Bats get a bad rap on Halloween. They're the ultimate symbol of spooky, creepy creatures that most people would rather not come across. But that's not fair! According to Christina Kocer of the U.S. Fish and Wildlife Service's Northeast Region, bats are among the most valuable animals on the planet. Christina says why, in this special guest post for the Big Green Purse community:
It’s almost Halloween, and that means zombies, witches and images of bats silhouetted against a full moon abound.
Encountering a zombie does not sit well with me, but bats are a different story. Despite their spooky image, bats are far from terrifying, and I can assure you, they really don’t want anything to do with your hair.
What DON'T bats do?
As long as we are clearing the air, bats will not fly into your hair; will not suck your blood; will not try to eat you alive; and will not chew through your siding, your shutters, or your attic vents. The claim that all bats are rabid is yet another fear perpetuated by popular media.
While it’s true that bats can carry rabies
, less than 1 percent of wild bats are actually infected with the disease. Even so, don’t go picking up any bats you might find on the ground. That bat may be sick or injured, and it won’t be worth the mandatory rabies shots you’ll have to get if you try to handle it. Call your local wildlife biologist for help.
If bats don't have rabies and aren’t going to attack me in my sleep, build nests in my hair, or try to eat my brains, what the heck are they, and what do they do?
What's COOL about bats?
Bats are mammals -- the only mammals capable of flight. They are covered in soft fur and give birth to live young (pups) which are nursed until they are old enough to venture out on their own.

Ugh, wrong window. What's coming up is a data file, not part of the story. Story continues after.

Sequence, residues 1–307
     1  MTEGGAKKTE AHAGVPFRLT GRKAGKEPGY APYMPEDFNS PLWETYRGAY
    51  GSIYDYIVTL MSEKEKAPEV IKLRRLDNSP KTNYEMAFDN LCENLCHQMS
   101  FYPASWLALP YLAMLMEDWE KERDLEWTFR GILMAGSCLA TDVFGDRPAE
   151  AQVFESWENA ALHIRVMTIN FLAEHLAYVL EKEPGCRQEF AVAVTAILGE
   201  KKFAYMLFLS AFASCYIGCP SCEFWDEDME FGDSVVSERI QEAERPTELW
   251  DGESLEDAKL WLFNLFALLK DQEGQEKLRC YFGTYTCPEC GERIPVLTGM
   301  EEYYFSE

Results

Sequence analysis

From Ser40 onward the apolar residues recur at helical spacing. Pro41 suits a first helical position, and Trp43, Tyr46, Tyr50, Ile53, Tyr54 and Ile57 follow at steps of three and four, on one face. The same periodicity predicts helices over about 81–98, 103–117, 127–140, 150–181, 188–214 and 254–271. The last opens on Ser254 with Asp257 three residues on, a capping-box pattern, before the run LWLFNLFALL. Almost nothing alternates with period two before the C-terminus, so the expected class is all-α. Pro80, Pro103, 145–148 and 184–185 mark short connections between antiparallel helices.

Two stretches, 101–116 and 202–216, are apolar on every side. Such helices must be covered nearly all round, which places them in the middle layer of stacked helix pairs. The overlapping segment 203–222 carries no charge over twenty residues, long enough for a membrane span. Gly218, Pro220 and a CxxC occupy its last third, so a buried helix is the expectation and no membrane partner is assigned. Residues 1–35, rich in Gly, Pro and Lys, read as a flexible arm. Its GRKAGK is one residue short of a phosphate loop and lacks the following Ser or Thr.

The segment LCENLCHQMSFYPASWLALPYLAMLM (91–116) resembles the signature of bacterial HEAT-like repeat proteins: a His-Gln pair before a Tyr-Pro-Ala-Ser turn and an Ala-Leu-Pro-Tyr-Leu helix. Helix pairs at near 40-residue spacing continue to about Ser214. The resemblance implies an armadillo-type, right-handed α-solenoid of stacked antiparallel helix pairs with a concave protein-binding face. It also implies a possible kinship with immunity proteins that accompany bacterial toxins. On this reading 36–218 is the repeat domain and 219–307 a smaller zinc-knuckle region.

Though some think they look like flying mice, they are not closely related to rodents. The bones in their wings are the same bones you have in your own hand.
Bats make up about one quarter of all mammals. They range from the world’s smallest mammal, the small bumblebee bat, to the large flying fox with its 6-foot wingspan. And they do a lot more than fly. They pollinate fruit plants and trees, help spread seeds around, and devour mosquitoes and other pesky insects. In fact, here in the Northeast U.S., our native bats are small, with most weighing about the same as a few pennies.
The thousands of insects they eat nightly
save farmers millions of dollars on insect control and crop damage. That makes bats our most organic form of insect control! These agile fliers are adept at navigating through thick forests in search of their insect prey, readily devouring the pests that eat our food crops and trees, and spread disease.
Bats are in DANGER
Unfortunately, bats have something to fear themselves – white-nose syndrome
, a rapidly spreading fungal disease that has resulted in the catastrophic decline of bats throughout eastern North America.
Over 5.7 million bats have already died, and because bats are long-lived and produce so few young, it will take many generations for populations to recover from this disease.
What can you DO?
While there is no reason for us to fear these beneficial critters, I admit, it’s unnerving to have a bat flying circles in your living room. But, if that happens to you, gather your wits, remember why bats are good, and help the little guy escape safely by opening a window so the bat can fly out.
Despite what you may have seen on TV, the world is a better place for everyone with bats in it.
Build a Bat House